You can prove me wrong by simply providing an NEC code article that prohibits underground splicing....ask your teacher too.
 

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Electrical Contractor
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Helper, Celtic is 100% correct.

This is two posts in a row that you have made erroneous statements.
If I may offer some constructive criticism. Please check your facts and codes before making statements like have above above. This site and it's relations are full of some pretty sharp folks and you will get called on misinformation.

I also agree that whatever your "teacher" did to burn down that house, it was NOT ".....a fire within the line and fed back to the house and burned it down."
 

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You can mix the wire sizes, but the only problem is you can NOT splice underground. I'm not sure what article it's in, but it's a point of failure and if something happens such as a fire, and that was the source, it can come back on you. We had an example at school with this. Our teacher had his own business and he did such a thing. He put lamp posts outside along a driveway, and made the splices underground but didn't get an inspection. What happened, the moisture in the ground caused erosion on the wire and it shorted out with the splice box, I believe he said a "T", and started a fire within the line and fed back to the house and burned it down. So to answer your question, DO NOT SPLICE UNDERGROUND NO MATTER WHAT SIZE WIRE YOU USE. You must bring the wires above ground then back down. There you go!!
He MUST have had a poor splice to have the moisture enter there.
Just as an example for you- I have made hundreds-yes-hundreds of splices that the cables that were put under WATER in an Aeration lagoon. Even had more than one splice in a cable- which were 1/0 & 2/0 awg that fed floating Aerators. We used Ray-chem splice kits
 

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Money Changer
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On a related note.

I am curious about a method my brother said he used to use before those 3M kits became available. I've never tried it but wonder what you guys think.

He used to make the splice then take an empty pill bottle, film canister, or small plastic bag and place the splice in it. Then take a tube of silicone caulk and fill the bottle or bag completely with the caulk. He claims this worked every time.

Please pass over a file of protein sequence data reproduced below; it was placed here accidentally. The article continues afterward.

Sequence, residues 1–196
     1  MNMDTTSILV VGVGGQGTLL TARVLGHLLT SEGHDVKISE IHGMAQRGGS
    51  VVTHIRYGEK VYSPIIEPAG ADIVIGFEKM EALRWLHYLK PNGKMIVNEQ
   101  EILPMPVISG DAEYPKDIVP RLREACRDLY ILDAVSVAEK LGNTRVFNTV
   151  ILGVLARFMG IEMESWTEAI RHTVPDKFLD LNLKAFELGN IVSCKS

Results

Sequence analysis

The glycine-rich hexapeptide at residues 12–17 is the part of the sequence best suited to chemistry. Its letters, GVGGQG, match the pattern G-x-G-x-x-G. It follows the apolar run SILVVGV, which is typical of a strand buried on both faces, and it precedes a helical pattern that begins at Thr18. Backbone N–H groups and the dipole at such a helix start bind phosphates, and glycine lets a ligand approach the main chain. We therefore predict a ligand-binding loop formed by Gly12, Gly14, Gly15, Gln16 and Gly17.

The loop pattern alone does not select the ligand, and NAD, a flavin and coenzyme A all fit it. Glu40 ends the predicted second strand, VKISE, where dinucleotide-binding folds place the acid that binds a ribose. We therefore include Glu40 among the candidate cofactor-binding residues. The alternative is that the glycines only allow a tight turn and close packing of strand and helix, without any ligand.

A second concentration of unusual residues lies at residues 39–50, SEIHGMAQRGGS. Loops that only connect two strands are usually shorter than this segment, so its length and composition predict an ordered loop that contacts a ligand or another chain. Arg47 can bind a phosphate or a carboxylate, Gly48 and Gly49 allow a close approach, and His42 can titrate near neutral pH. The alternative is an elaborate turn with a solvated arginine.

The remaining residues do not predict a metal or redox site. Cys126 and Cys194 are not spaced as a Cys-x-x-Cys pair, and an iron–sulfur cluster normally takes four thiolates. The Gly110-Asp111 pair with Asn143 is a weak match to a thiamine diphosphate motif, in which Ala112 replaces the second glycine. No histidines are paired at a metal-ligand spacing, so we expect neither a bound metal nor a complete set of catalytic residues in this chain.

I never tried it but what do you think?
 

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Head Grunt
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You can mix the wire sizes, but the only problem is you can NOT splice underground. I'm not sure what article it's in, but it's a point of failure and if something happens such as a fire, and that was the source, it can come back on you. We had an example at school with this. Our teacher had his own business and he did such a thing. He put lamp posts outside along a driveway, and made the splices underground but didn't get an inspection. What happened, the moisture in the ground caused erosion on the wire and it shorted out with the splice box, I believe he said a "T", and started a fire within the line and fed back to the house and burned it down. So to answer your question, DO NOT SPLICE UNDERGROUND NO MATTER WHAT SIZE WIRE YOU USE. You must bring the wires above ground then back down. There you go!!
Is this a local code for your area??? No such thing here as everyone else has stated. I have done numerous underground splices with the Grid Company employee and my Inspector watching over my shoulder, the only problem i have ever had was these jokers poking and prodding at me :w00t:. I have even done these splices live in some cases where the Grid company truck couldnt reach the pole and the guys wouldnt pull a ladder to disconnect. I also use the 3M splice kits and they work nice, i also drown the splice in anti-corrosive grease, install the heat shrink with a heat gun "not a torch" and i tape the crap out of heat shrink. I have never had any problems as of yet.
 

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Fentoozler
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Helper, Celtic is 100% correct.

Good thing the question/comment was posted on a weekday....you can never tell what I will post on a weekend :laughing:

On a related note.

.....
I never tried it but what do you think?

Can I tell you on Saturday? :shifty:
:laughing: